The JavaScript code needed to manipulate the previously defined accordion is shown below.
var myAccordion = a11yAccordion({
  parentSelector: '#Accordion1'
});
The resulting accordion is shown in the following figure. Example Accordion

Using the Widget

The latest version of the a11yAccordion can be found on GitHub. Clone the repository or download it as a zip file to get started. As the widget is built on jQuery 1.10 0, you would need to include jQuery before initiating the widget. As you’ve already seen, an options object is passed to the accordion’s JavaScript constructor. a11yAccordion supports the following options.
  • parentSelector – The selector for the parent container which has accordion markup. This defaults to undefined.
  • accordionItemSelector – The selector for rows which contain headers and hidden areas. This defaults to .a11yAccordionItem.
  • headerSelector – The selector for a header within the row. This defaults to .a11yAccordionItemHeader.
  • hiddenAreaSelector – The selector for hidden areas within the accordion row. Defaults to .a11yAccordionHideArea.
  • visibleAreaClass – The class which is added to every row which will be uncollapsed/visible to the user. Defaults to .visibleA11yAccordionItem.
  • colorScheme – The color scheme for the accordion. Defaults to .light.
  • speed – The speed of animation in milliseconds. Defaults to 300.
  • hiddenLinkDescription – A description for every Show/Hide link that is provided for users who use assistive technology.
  • showSearch – A Boolean option which will tell the accordion to render search options.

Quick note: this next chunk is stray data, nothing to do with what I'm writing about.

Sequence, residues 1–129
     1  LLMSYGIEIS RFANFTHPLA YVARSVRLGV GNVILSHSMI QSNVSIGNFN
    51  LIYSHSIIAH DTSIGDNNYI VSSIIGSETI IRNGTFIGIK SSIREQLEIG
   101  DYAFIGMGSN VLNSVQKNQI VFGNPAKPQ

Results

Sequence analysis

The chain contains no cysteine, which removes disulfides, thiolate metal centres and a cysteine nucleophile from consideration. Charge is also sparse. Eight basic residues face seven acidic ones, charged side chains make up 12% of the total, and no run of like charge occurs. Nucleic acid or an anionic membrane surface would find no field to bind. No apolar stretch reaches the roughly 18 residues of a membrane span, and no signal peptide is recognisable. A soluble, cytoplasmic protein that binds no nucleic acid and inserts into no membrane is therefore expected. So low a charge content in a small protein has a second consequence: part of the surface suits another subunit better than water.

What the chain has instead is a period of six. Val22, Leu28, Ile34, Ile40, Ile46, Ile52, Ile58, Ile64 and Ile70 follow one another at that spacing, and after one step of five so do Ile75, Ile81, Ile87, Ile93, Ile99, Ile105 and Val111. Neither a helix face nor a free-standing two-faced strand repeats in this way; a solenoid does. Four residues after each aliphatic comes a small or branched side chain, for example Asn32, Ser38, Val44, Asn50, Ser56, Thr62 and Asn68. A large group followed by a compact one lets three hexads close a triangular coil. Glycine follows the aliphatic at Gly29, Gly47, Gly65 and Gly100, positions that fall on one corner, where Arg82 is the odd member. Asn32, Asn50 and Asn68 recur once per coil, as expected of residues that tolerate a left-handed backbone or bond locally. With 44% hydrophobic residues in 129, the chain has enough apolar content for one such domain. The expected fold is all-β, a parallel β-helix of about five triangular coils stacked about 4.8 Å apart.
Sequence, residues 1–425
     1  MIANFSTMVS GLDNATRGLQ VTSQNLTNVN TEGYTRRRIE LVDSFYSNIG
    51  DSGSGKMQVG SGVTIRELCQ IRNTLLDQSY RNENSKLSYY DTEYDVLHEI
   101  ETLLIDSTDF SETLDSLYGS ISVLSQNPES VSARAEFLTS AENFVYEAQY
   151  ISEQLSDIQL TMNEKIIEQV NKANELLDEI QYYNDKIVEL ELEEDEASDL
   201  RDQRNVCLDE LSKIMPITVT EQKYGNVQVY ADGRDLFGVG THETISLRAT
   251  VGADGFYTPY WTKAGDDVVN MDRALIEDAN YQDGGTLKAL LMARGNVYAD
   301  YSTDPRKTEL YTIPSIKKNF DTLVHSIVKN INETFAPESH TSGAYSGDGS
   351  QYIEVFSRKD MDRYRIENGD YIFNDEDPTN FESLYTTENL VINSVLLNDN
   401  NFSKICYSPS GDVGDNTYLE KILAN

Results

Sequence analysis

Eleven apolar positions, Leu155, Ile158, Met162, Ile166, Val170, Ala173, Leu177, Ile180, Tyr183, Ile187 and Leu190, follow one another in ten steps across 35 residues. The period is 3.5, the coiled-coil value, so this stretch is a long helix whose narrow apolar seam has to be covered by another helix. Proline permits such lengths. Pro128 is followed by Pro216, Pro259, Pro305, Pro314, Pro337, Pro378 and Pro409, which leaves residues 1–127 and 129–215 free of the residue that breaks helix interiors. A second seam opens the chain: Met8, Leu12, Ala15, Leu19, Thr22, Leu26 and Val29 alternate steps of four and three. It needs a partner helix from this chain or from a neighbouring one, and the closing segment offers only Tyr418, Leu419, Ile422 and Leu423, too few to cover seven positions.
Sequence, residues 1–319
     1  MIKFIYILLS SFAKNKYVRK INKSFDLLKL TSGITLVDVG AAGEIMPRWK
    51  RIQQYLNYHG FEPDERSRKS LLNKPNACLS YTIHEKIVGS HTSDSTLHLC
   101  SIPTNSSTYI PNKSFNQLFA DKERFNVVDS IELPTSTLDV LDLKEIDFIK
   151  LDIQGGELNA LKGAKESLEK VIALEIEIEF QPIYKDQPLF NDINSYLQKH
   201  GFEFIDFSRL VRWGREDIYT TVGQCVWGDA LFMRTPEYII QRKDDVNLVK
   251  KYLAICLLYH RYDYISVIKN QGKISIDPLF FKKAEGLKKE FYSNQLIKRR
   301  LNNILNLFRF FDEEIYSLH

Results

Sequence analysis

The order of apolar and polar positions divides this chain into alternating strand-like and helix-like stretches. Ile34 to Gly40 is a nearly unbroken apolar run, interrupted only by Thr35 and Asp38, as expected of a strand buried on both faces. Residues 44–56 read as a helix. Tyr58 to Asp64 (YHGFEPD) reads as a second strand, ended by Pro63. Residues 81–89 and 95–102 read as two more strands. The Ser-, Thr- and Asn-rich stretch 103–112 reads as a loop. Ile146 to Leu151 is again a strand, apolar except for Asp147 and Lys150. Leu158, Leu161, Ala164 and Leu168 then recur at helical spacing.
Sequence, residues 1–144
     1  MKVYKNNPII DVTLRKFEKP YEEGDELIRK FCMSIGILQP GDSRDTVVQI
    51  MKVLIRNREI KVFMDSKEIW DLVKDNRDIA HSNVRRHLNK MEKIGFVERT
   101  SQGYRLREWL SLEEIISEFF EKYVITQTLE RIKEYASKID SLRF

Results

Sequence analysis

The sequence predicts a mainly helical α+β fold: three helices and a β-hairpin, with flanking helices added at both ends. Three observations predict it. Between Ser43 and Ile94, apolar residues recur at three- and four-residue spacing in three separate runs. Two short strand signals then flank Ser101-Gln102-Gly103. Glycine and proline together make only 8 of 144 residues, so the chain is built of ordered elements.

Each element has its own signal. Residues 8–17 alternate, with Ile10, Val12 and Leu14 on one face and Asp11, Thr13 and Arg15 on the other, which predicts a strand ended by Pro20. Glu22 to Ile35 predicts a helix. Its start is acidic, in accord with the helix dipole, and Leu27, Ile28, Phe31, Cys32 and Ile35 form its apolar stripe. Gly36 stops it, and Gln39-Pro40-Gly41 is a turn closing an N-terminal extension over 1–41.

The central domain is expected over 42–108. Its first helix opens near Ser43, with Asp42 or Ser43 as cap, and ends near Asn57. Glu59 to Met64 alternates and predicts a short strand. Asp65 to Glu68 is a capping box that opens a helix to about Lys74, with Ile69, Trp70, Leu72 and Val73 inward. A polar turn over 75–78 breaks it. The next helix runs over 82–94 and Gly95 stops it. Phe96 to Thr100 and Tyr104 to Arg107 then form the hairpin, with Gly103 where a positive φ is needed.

• showOne – A Boolean value that defines if the accordion can uncollapse only one row to the user at a time.
  • overallSearch – A Boolean option which will tell search to look not only in headers but within collapsed areas as well.

The API

The a11yAccordion also comes with a JavaScript API, which allows for programmatic manipulation. The API functions are described below.
  • collapseRow(rowIndex) – This function hides the hidden area under the row with corresponding rowIndex.
  • uncollapseRow(rowIndex) – This function shows the hidden area under the row with corresponding rowIndex.
  • toggleRow(rowIndex) – This function toggles the state of the row between collapsed and uncollapsed.
  • getRowEl(rowIndex) – This function returns the jQuery row element with the corresponding rowIndex.
  • showOne – This is a Boolean value with shows the user only one uncollapsed row at a time.

The Future

Although we have come quite a long way from a simple accordion, there are a lot of things left to do. The issues page
tracks our immediate plans. To name one, we plan to add a function that helps in disabling rows programmatically.

Contributing to the Project

This project has a lot of potential, but it needs the help of developers and designers. Fork and clone the GitHub repository to contribute. Developers need to install Grunt and run npm install to set up the system locally. Designers can also directly add themes to the LESS file.

Frequently Asked Questions (FAQs) about Accessible Accordion Widget

How does an accessible accordion widget improve the user experience?

An accessible accordion widget significantly enhances the user experience, especially for users with disabilities. It provides a structured, easy-to-navigate layout that allows users to access content in a more manageable way. The accordion widget breaks down information into smaller, digestible sections that can be expanded or collapsed at the user’s discretion. This not only makes the content more readable but also allows for easier navigation, particularly for users who rely on assistive technologies like screen readers.

What is the role of ARIA in creating an accessible accordion widget?

ARIA (Accessible Rich Internet Applications) plays a crucial role in creating an accessible accordion widget. It provides additional semantics to help assistive technologies like screen readers understand the content better. For instance, ARIA roles, states, and properties can be used to indicate which sections of the accordion are expandable, which are currently expanded, and which are collapsed. This makes the accordion widget more accessible and user-friendly.